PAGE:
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How Will Your Business Clients Benefit From the New CARES Act?


The new law includes a bevy of tax breaks designed to help both individual taxpayers and businesses, here's what your business clients should know.

Apr 3rd 2020
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The new stimulus package passed by Congress in response to the COVID-19 pandemic—the Coronavirus Aid, Relief, and Economic Security (CARES) Act—does much more than provide enhanced unemployment benefits and other forms of financial support. In second of this two-part article, we will briefly explain some of the key tax provisions affecting businesses.

The CARES Act provides a wide range of tax benefits for businesses ranging from credits for retaining workers to payroll tax delays to enhanced rules for claiming business losses. Here are some of the highlights that you and your business clients should be aware of.

Employer retention credits: Similar to the credit for family and medical leaves authorized by the Tax Cuts and Jobs Act (TCJA), the CARES Act provides a credit against payroll taxes for wages paid to employees in 2020. The credit is available to businesses that are forced to shut down or suspend operations due to the COVID-19 outbreak. A business with reduced gross receipts below 50 percent of a comparable quarter also qualifies.

This refundable credit is equal to 50 percent of the first $10,000 of qualified wages paid to an employee during the year. It applies through the last quarter of this year ending on December 31, 2020. Note: An employer can’t claim both the employee retention credit and the family and medical leave credit for the same wages.


Payroll tax delay: The CARES Act also allows businesses affected by the COVID-19 outbreak to defer payroll taxes that would normally be due in 2020. This applies to the employer’s share of the 6.2 percent Social Security tax component. Specifically, a business may choose to pay 50 percent of the required amount by December 31, 2021 and the remaining 50 percent by December 31, 2022.

A similar deferral break applies to self-employed individuals. They can defer 50 percent of the self-employment tax that is due by paying 25 percent by December 31, 2021 and 25 percent by December 31, 2022.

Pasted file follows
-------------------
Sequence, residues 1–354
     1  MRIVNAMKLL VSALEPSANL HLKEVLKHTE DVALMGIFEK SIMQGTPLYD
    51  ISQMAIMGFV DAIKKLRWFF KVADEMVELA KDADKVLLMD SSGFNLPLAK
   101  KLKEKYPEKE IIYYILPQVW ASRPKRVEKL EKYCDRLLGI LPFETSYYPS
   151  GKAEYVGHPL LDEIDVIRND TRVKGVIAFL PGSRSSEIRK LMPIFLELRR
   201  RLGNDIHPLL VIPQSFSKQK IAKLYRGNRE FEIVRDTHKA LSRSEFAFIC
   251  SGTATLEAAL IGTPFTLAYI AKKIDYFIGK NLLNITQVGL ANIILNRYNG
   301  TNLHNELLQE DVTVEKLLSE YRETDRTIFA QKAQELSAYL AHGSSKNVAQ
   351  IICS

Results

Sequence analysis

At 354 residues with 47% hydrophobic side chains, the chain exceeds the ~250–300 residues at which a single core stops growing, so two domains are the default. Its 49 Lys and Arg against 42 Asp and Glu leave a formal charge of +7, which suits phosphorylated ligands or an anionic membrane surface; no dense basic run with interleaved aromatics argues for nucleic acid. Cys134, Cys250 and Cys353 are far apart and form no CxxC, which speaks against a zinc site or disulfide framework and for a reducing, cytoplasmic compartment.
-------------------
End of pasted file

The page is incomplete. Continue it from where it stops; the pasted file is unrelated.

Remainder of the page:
Qualified improvement property: Interestingly, the new law resolves a technical glitch in the TCJA. Congress had intended for qualified improvement property placed in service after 2017 to qualify for a 15-year depreciation recovery period. This would have made the property eligible for favorable “bonus depreciation.” But the statutory language of the law didn’t include this tax break.

Now the TCJA extends bonus depreciation to qualified improvement property as the lawmakers originally intended. The tax break is retroactive to January 1, 2018, so some businesses may want to file an amended 2018 return.

Net operating losses: Prior to the TCJA, net operating losses (NOLs) could be carried back for two years and then carried forward for 20 years. The TCJA generally repealed the carryback rule, but allowed NOLs to be carried forward indefinitely based on a limit of 80 percent of taxable income.

Under the CARES Act, the rules for NOLs revert to pre-TCJA law. In other words, losses may be carried back two years and offset 100 percent of current income going forward.

Excess business losses: The TCJA limited business losses claimed by non-corporate taxpayers to $250,000 for single filers and $500,000 for joint filers for 2018 through 2025. Any excess was treated as a NOL that had to be carried forward. These rules applied to sole proprietors and certain owners of pass-through entities.

The CARES Act eliminates the limits for 2020. Currently, the TCJA rules still apply to tax years beginning after 2020 and before 2026.

Business interest: Under the TCJA, the deduction for annual net business interest generally can’t exceed 30 percent of adjusted taxable income (ATI). There is, however, an exception for a qualified small business. Now a provision in the CARES Act increases the limit to 50 percent of ATI.*

*Note: The above change is only effective for the 2019 and 2020 tax years.

Charitable contributions: Normally, deductions for charitable contributions by corporations are limited to 10 percent of AGI. To encourage gift-giving in the corporate sector, the CARES Act increases the threshold to 25 percent of AGI for 2020. Furthermore, gifts of food inventory by corporations are currently limited to 15 percent of AGI. The new law raises this limit to 25 percent of AGI for 2020.

Final Thoughts

Of course, the CARES Act includes various other forms of financial assistance for the business sector, including the Paycheck Protection Program, Small Business Administration (SBA) debt relief, express SBA bridge loans and expanded unemployment benefits—just to name a few of the key items. Help your clients adversely affected by the COVID-19 virus maximize the tax and financial benefits available to them in this time of need. 

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York Law Corporation
By YorkLawFirm
Apr 10th 2020 01:34 EDT

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